Tinsley v Milligan still applies in Hong Kong

In Patel v Mirza, the UK Supreme Court abandoned the Tinsley v Milligan reliance test in deciding whether or not to enforce agreements tainted by illegality.

In Hong Kong, this question has frequently arisen with regard to schemes for the exploitation of ding rights under the Small House Policy. In a number of cases, property owners have transferred land to dings who apply to build a small house on the land after claiming the benefits conferred on dings by the small house policy.

The schemes considered by the courts were tainted by illegality since they envisaged that the ding would make a false declaration to the Director of Lands that they were the legal and beneficial owners of the land.

In a number of the cases considered by the courts, property owners have transferred land to dings for no consideration as part of an unlawful development scheme. If the scheme does not proceed, the property owners then seek to recover the land alleging that the ding holds the property on resulting trust since there was a voluntary transfer to them.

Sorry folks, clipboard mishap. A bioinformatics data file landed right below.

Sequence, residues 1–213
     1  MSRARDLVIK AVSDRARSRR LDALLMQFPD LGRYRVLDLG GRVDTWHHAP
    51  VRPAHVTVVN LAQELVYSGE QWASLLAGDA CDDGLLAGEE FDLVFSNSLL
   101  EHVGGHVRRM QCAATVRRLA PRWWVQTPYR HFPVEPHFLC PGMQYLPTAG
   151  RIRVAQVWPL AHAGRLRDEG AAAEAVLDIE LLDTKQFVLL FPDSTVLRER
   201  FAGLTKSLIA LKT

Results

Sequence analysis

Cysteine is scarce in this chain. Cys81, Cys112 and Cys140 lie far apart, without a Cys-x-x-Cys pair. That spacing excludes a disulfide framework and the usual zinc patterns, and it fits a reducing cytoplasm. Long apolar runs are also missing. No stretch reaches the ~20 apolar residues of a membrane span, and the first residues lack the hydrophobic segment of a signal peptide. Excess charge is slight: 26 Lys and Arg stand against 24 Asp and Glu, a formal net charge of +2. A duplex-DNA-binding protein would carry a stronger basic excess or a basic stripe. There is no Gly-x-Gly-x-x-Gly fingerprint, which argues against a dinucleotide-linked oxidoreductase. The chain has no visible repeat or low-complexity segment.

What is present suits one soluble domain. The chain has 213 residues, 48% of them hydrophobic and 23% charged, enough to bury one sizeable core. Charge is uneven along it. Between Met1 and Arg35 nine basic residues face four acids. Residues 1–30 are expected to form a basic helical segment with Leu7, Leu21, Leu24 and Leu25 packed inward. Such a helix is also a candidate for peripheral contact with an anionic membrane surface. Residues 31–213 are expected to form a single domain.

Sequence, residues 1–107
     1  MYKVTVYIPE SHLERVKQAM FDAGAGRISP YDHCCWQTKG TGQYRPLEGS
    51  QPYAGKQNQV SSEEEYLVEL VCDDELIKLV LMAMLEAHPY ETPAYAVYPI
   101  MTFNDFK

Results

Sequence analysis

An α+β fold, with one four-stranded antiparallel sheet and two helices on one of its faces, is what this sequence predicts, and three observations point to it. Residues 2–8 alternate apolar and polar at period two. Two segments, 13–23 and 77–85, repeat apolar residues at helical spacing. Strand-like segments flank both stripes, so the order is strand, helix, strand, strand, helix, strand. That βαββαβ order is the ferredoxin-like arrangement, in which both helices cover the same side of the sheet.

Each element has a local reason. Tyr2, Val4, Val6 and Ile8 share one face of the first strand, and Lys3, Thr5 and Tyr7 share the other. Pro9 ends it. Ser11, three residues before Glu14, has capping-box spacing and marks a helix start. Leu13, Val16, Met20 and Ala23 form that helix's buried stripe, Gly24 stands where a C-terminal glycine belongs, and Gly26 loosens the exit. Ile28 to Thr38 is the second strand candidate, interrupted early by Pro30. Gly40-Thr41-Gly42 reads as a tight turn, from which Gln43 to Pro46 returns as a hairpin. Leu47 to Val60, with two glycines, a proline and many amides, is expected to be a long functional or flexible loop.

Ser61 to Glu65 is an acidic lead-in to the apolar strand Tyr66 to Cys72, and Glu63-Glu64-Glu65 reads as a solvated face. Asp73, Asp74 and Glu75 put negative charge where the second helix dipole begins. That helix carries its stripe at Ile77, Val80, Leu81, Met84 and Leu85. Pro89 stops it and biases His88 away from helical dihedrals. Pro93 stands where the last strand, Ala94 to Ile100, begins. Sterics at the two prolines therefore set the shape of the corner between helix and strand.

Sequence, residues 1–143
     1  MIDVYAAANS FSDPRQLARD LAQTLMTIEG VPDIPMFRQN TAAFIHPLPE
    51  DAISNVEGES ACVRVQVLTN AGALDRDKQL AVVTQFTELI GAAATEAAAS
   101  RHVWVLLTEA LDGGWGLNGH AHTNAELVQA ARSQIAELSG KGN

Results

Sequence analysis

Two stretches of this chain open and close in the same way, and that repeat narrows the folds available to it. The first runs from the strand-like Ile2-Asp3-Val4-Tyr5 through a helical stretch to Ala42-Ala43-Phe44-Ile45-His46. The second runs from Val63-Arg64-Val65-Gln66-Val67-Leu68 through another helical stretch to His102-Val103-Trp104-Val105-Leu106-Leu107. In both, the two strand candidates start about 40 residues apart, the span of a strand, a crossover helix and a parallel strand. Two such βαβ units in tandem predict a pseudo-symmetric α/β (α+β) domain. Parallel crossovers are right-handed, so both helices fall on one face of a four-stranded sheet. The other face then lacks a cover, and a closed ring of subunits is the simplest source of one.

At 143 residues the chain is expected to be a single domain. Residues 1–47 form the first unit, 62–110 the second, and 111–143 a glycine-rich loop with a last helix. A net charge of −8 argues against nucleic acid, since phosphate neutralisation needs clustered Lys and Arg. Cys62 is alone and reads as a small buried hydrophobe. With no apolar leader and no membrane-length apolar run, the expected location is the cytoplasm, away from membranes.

The relevant principles for dealing with claims like this are contained in paragraph 21 of Hon Au-Yeung J. in Tang Teng Tso v Cheung Tin Wah ([2014] HKCFI 680). The property owner can enforce their property rights against the ding as long as they do not need to plead their illegality.

This reflects the Tinsley v Milligan reliance test and some may have wondered whether Hong Kong’s courts would change their approach after Patel v Mirza.

This was considered in Kwan Hung Shing v Fong Kwok Shan ([2019] HKCFI 1687). Wilson Chan J. confirmed that the principles in Tang Teng Tso (and the reliance test on which they are based) remain the law in Hong Kong.

In Kwan Hung Shing, the plaintiff had assigned land to dings introduced by a developer under an unlawful development scheme. The plan was for the dings to claim their rghts under the Small House Policy. The developer would assign two of the completed houses to the plaintiff.

When the developer failed to carry out the agreement, the plaintiff claimed that the dings held the land assigned to them on presumed resulting trust since they had not paid for the land.

The claim succeeded and the court declared that the dings held the property on resulting trust for the plaintiff.

Michael Lower

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